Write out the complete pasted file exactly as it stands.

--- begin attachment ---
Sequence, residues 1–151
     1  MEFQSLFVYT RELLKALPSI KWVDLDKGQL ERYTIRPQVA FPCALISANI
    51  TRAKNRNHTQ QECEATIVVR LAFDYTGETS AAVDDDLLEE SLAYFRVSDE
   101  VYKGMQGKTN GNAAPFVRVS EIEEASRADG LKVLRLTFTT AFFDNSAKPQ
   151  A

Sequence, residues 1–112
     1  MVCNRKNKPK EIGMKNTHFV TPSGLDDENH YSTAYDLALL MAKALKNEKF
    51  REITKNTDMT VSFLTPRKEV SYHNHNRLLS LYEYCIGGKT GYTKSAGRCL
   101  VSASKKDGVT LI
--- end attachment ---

Sequence, residues 1–151
     1  MEFQSLFVYT RELLKALPSI KWVDLDKGQL ERYTIRPQVA FPCALISANI
    51  TRAKNRNHTQ QECEATIVVR LAFDYTGETS AAVDDDLLEE SLAYFRVSDE
   101  VYKGMQGKTN GNAAPFVRVS EIEEASRADG LKVLRLTFTT AFFDNSAKPQ
   151  A

Sequence, residues 1–112
     1  MVCNRKNKPK EIGMKNTHFV TPSGLDDENH YSTAYDLALL MAKALKNEKF
    51  REITKNTDMT VSFLTPRKEV SYHNHNRLLS LYEYCIGGKT GYTKSAGRCL
   101  VSASKKDGVT LI